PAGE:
We’ve been helping Austin and San Antonio residents add custom outdoor kitchens to their properties.
And while people spend the most time and effort researching grills, prep stations, fridges, and other equipment, they completely neglect lighting.
At the same time, your outdoor kitchen lighting can make or break your BBQ experience.
When considering how to best light your outdoor kitchen, there are several essential principles that you should bear in mind.
These principles will ensure that your outdoor cooking and dining experiences remain enjoyable and safe, even after the sun has set.
First, make sure to understand the main outdoor kitchen lighting types by purpose.
Task lighting is crucial in any kitchen, and even a small outdoor BBQ island is no different. You'll need sufficient light to cook and prepare food safely.
Install bright lights over your grill, countertops, your sink, and anywhere else where you do the most work to ensure clear vision.
Grills with lights
LED lights on grills are also energy-efficient and have a long lifespan, which makes them a better choice than any extra lights installed. In essence, they combine practicality with convenience, as you can keep the BBQ going late into the night without using flashlights or worrying to undercook your meat.
Shelves and counters with built-in lighting
We’ve got a lot of high-end outdoor kitchen equipment with built-in lights. Each item is carefully designed with ergonomics in mind.
If you’re planning to attenuate the drink mixing station in your kitchen, this Alfresco Versa sink serving shelf has built-in lighting.
Other Alfresco shelves to place over your sink have LED light elements as well - which is extremely handy for late-night cleanups.
Unique task lighting options
There are a lot of truly creative task lighting solutions out there, for instance this flexible neck Big Green Egg grill light.
The light can be easily mounted anywhere around your grill or the kitchen island, and the magnetic base works well anywhere on stainless steel countertops.
With several lights like this one (they have a high-intensity LED light and are powered by simple AAA batteries) you can set up a cooking show-worthy light spot for any of your outdoor kitchen tasks.
This principle refers to the overall lighting in your outdoor space - ambient lighting provides general space visibility and sets the mood.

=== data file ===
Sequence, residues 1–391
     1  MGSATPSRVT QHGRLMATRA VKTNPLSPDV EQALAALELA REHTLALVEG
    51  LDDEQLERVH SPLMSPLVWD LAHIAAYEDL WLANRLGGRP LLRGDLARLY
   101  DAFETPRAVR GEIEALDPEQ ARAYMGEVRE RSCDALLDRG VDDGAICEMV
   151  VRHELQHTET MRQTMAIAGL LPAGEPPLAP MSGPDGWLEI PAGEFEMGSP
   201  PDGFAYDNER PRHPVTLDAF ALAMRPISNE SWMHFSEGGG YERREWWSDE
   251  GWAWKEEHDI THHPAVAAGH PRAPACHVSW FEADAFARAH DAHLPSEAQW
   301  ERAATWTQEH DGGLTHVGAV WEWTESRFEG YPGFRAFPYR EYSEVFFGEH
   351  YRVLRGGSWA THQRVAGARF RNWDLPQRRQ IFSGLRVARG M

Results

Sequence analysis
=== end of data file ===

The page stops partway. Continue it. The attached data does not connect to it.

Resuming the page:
Pendant lights are great if you have a solid roof and wind protection in your outdoor kitchen, otherwise floor lamps, bases, and shades will work well in corners or on the edges of your kitchen space.
Lighting temperature recommendations for outdoor kitchens
The choice of color and brightness has a substantial impact on the overall ambiance and functionality of your outdoor kitchen. While brightness offers the practicality needed for cooking, the color of the light can set the mood you're aiming for.
Brightness is traditionally measured in lumens. Normally, any work requires lighting with a higher lumen output. However, for ambient or mood lighting, a lower lumen output is usually more suitable. A good rule of thumb while setting up your outdoor kitchen's lighting is to opt for adjustable luminosity. This enables you to fine-tune your light's brightness based on the task at hand or the atmosphere you want to create.
When it comes to color, the light's temperature plays a crucial role. Commonly measured in Kelvins (K), higher temperatures (5000K or more) produce a cooler, bluish light that is ideal for task lighting. On the other hand, lower temperatures (3000K or less) produce a warmer, yellowish light, perfect for setting a relaxing and inviting atmosphere.
Ideally you need to have bright white/bluish task lighting for work areas and dimmer/yellowish lights in your dining and drinking area. This helps you stay alert while cooking and unqind and relax while eating.
Your outdoor kitchen should also be equipped with safety lighting. Paths, stairs, rails, and the edges of dining areas should be well lit to prevent accidents.
This could be achieved through the use of strategically placed spotlights or deck lights.
Being able to control the strength and direction of your lighting is crucial. Consider getting lights with dimmer options, or ones that can be adjusted to illuminate specific areas as your needs change.
The tricky part about outdoor kitchen lighting is keeping it simple enough to not have to worry about it too much, and at the same time sophisticated enough to enjoy your time cooking outdoors. Your outdoor kitchen lights need to be able to withstand the elements and be easy to clean, since there are grease particles and dust that sticks to them.
Considering all that, always work with someone experienced to plan and set up lights in your outdoor kitchen. Ideally your lighting needs to work together with your grills, cabinets, and the general workflows you expect to have while cooking.We’ve been helping Texas residents equip and build custom outdoor kitchens for decades, so get in touch with us if you want to use our expertise!